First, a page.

OIG Strategic Plan 2014 through 2018 – What’s in it for me?

OIG Strategic Plan 2014-2018

Without much fanfare, the OIG, a couple of weeks ago, released its OIG Strategic Plan for 2014-2018. While not as detailed as the annual work plan (remember that the 2014 work plan release date has been pushed back to January), it does outline four major strategic goals which provide an insight into the OIG’s plans for the upcoming four years. Thus, the OIG Strategic Plan is worthy of attention from all you providers out there. Instead of regurgitating the contents of all four goals, let’s simply talk about what you need to do.

OIG Strategic Plan-if it works, don’t break it

The OIG feels strongly that their compliance efforts have produced positive financial results:

  • In FY 2012, estimated savings and expected recoveries from misspent funds totaled $15.4 billion (yes, that’s with a “b”).
  • The Health Care Fraud and Abuse Control program returned more than $7 for every $1 invested. (A yield which anyone on Wall Street would take.)
  • In FY 2012 alone, the OIG excluded 3,131 individuals and entities.

So, it’s no surprise that their number one stated strategic goal is to “Fight Fraud, Waste and Abuse”. Stated key focus areas are Medicare and Medicaid program integrity and waste in HHS programs but it’s apparent that OIG considers their current audit and enforcement approach as successful and the OIG Strategic Plan shows no indication of changing that strategy.

OIG Strategic Plan is out-Time to act!

For most providers out there, reading the OIG Strategic Plan should not elevate the pulse rate or cause the blood pressure to rise. However, it should serve as a reminder that you must be vigilant about your compliance efforts.

For those of you who are new providers or perhaps you simply want a refresher, the OIG has issued a series of compliance program guidance documents for a variety of health care provider types. These will give providers some fundamental direction on the important elements of a compliance program.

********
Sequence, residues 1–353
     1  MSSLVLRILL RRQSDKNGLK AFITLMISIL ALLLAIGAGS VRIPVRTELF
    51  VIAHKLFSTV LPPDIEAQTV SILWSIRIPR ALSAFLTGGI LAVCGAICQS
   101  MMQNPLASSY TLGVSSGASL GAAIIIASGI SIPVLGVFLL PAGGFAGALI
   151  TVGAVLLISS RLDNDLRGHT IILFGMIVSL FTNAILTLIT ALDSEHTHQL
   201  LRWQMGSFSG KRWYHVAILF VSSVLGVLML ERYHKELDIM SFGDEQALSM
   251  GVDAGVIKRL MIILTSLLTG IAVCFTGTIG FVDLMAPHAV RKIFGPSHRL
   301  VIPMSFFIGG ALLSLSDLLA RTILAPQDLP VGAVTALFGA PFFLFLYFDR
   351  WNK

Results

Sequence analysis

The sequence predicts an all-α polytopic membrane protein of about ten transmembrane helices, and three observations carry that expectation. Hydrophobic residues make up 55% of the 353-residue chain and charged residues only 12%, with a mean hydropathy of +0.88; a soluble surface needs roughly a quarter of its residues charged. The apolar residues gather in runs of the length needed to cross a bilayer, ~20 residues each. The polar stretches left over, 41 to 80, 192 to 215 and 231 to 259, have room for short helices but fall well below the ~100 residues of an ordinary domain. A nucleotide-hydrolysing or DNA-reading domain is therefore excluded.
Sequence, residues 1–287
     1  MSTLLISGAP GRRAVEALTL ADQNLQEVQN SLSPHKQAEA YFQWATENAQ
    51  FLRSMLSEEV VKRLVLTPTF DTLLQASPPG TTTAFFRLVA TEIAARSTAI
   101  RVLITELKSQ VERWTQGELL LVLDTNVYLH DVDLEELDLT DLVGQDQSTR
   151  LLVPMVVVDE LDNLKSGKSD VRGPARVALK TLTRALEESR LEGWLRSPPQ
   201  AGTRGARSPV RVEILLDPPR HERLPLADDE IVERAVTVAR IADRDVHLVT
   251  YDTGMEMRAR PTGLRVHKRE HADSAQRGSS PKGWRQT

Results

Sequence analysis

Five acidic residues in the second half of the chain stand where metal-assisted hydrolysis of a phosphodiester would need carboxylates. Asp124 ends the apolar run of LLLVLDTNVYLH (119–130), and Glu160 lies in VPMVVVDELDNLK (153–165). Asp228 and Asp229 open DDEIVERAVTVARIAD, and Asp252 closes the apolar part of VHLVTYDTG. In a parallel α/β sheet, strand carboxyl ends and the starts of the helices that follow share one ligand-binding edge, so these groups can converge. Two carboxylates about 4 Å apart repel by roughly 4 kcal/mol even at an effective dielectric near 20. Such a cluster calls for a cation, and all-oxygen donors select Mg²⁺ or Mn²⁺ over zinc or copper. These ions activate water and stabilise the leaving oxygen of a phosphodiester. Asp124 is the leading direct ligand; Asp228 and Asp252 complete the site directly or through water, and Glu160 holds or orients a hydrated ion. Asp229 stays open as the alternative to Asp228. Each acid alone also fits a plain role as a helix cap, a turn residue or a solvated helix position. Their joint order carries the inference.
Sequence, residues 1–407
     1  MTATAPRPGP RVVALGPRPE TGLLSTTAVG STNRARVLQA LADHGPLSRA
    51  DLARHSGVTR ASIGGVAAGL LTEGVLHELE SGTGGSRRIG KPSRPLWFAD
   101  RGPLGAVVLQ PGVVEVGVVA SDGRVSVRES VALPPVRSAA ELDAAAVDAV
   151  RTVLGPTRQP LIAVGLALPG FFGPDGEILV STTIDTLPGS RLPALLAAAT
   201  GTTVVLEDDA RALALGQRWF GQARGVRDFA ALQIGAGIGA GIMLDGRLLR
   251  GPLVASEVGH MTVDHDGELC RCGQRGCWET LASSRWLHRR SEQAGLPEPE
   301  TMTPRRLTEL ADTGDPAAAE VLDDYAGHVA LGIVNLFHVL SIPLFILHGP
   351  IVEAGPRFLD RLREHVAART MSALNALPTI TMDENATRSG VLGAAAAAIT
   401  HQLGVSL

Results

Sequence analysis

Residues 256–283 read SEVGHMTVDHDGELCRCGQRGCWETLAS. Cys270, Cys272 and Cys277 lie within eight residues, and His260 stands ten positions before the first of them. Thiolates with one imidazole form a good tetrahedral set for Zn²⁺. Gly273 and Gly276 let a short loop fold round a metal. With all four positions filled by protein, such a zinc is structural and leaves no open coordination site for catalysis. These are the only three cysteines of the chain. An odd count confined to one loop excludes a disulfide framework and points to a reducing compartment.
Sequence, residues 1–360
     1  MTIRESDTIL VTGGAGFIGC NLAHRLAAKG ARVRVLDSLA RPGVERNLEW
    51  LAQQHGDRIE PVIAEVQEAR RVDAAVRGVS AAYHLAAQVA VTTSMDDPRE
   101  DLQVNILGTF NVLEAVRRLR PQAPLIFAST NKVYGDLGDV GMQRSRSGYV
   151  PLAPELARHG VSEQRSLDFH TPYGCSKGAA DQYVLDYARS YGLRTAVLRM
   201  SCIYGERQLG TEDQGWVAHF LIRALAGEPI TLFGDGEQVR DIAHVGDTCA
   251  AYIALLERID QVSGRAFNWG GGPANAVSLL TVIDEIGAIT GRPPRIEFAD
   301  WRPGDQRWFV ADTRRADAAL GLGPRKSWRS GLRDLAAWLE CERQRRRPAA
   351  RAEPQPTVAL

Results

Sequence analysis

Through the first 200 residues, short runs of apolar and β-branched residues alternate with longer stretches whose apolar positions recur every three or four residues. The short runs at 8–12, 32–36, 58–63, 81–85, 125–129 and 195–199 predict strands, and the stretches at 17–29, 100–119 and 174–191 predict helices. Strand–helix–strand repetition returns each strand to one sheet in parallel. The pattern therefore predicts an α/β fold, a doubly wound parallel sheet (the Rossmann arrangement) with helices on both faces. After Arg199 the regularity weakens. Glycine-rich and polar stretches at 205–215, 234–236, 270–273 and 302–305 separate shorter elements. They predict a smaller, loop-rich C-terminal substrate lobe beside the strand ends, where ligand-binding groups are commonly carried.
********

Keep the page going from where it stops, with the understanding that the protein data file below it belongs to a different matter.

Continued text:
An effective compliance program can serve to reduce fines and penalties for billing or other compliance-related shortcomings when whistleblowers emerge or the OIG starts an investigation. Keep in mind that those fines and penalties can be substantial, so in the unfortunate event that it does happen, an effective program can be invaluable. What’s an effective program? Ask yourself these questions:

  1. Do you have written policies, procedures and standards of conduct?
  2. Have you designated a compliance officer and appointed a compliance committee?
  3. Do you have an ongoing and effective compliance training and education program?
  4. Are you ensuring that you have effective lines of communication within your organization?
  5. Do you have ongoing internal monitoring and auditing activities?
  6. Are standards enforced via well known disciplinary guidelines?
  7. When offenses are detected via auditing/monitoring, does your organization respond promptly with corrective action?

The bottom line is…

The OIG Strategic Plan may have plenty of the “10,000 foot view” items but behind all of that is a clear commitment to maintaining the audit and enforcement efforts that the OIG clearly believes are needed. Further, based on the financial and exclusion results, the OIG feels that their programs have been very effective.

For those providers who have read this blog and have said to themselves, “I’m already doing all that”, I congratulate you and challenge you to continue diligently with your efforts. For those providers who are missing elements or for those new providers, there’s no time like right now to get started with your compliance program. In this day and age of whistleblowers, the best approach is effective, dynamic and ongoing self monitoring.

So far in 2013, there have been eight civil monetary penalty settlements between providers and the US Justice Department and/or US Attorneys across the country. There were 44 civil and criminal penalties assessed in the month of November alone! One of the issues considered by the DOJ in seeking civil monetary penalties is the existence of an effective compliance program. CMP still hurts, financially, but it beats fines, exclusion from the program and jail time any day!

Mom used to say, “an ounce of prevention is worth a pound of cure” and you know what? She was right! It’s simply good policy to conduct internal monitoring and catch yourself doing something wrong (or more optimistically doing it right!) rather than having it come up in an externally initiated health care compliance audit. At the end of the day, it will help you sleep better at night.


When you need proven expertise and performance

Craig Fukushima, NHA, MBA

Mr. Craig T. Fukushima’s health care experience spans more than 35 years with special expertise in the long term care sector, including implementation of innovative health care projects in domestic and international locations.

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